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Saturday, January 05, 2008

The Yiddish Policeman's Union

Just finished listening to the audiobook of The Yiddish Policeman’s Union, by Michael Chabon. This hybrid novel fits squarely in the hardboiled-detective genre — except that it also fits into the alternative-history genre. The premise is that the state of Israel failed almost immediately in 1948 under a defeat by the Arabs, so European Jews fled to the newly established Jewish homeland in Sitka, Alaska. After half a century, this fictional homeland (where Yiddish is spoken, not Hebrew) has seen three generations of Jewish inhabitants, one of whom (Meyer Landsman) is the Yiddish policeman of the title. Although Chabon’s premise may sound implausible, in fact a Jewish homeland in Sitka was actually proposed by Interior Secretary Harold Ickes, so it could have happened.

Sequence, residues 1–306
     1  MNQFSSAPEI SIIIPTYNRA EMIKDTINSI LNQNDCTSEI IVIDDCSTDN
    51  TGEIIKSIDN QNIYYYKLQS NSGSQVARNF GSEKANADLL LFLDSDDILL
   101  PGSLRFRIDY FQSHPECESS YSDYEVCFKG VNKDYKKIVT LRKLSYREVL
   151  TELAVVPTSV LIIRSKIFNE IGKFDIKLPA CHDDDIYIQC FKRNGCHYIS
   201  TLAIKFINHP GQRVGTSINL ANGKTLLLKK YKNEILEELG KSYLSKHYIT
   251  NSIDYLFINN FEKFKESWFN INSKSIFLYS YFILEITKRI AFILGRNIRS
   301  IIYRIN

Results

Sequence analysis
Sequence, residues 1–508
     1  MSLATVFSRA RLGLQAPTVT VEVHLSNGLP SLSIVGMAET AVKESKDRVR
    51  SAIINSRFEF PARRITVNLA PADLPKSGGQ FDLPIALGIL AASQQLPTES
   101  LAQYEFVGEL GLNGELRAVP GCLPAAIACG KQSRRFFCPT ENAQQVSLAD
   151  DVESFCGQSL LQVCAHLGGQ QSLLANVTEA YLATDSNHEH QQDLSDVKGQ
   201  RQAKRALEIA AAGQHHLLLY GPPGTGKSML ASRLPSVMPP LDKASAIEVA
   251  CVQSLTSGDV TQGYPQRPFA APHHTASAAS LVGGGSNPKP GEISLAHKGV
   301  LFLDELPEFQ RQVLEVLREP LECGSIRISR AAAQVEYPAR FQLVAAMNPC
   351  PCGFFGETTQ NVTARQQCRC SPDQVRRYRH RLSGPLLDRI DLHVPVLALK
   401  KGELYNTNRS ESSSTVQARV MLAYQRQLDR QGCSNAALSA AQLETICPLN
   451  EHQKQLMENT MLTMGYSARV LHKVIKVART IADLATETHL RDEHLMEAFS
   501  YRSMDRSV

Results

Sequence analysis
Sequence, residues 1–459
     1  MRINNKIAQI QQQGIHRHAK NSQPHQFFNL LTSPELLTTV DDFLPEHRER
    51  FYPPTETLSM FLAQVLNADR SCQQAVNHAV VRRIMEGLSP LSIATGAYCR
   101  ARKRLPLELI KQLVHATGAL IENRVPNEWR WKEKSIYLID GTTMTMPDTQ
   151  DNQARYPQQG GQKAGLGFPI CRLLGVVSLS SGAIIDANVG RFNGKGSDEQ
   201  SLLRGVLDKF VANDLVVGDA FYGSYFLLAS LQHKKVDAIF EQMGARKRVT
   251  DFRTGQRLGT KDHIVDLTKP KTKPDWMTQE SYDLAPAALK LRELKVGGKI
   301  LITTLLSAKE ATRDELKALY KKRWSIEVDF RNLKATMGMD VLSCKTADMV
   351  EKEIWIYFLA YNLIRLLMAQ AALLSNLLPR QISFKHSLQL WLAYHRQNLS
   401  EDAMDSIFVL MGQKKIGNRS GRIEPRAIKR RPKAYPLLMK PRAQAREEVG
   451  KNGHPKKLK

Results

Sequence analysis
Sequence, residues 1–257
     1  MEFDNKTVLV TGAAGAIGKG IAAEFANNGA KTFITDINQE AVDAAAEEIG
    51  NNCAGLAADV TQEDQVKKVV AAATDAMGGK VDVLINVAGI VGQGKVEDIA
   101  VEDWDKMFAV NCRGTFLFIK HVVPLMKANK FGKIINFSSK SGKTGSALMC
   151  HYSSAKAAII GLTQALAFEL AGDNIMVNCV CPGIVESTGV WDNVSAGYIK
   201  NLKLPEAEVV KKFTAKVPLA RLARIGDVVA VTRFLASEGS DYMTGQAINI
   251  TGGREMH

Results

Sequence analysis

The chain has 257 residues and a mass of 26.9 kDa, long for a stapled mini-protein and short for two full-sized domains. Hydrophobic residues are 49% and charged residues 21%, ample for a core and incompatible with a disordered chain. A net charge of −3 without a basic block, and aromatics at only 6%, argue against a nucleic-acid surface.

Anyway, I’ll stay away from giving any details, lest I inadvertently include any spoilers. Let’s just say that the beginning is a little slow, especially as the reader/listener has the task of figuring out what’s going on in this world. That task, of course, is common in science fiction, but science fiction rarely has the attention to character that The Yiddish Policeman’s Union has. So you have to learn about the fictional world, get to know the characters, and understand the plot, which is initially confusing and contains a surprising amount about chess, not to mention a bit about Esperanto and other apparent irrelevancies. But it’s well worth persevering, since the initial difficulties start to fade away to reveal a fascinating integration of all three — the alternative history, the characters, and the story line. Do read it, or listen to Peter Riegert’s captivating performance as an audiobook narrator. (The audiobook concludes with a fascinating interview with Chabon, in which he actually gives a compelling answer to that horrible question all authors dread: Where do you get your ideas?)

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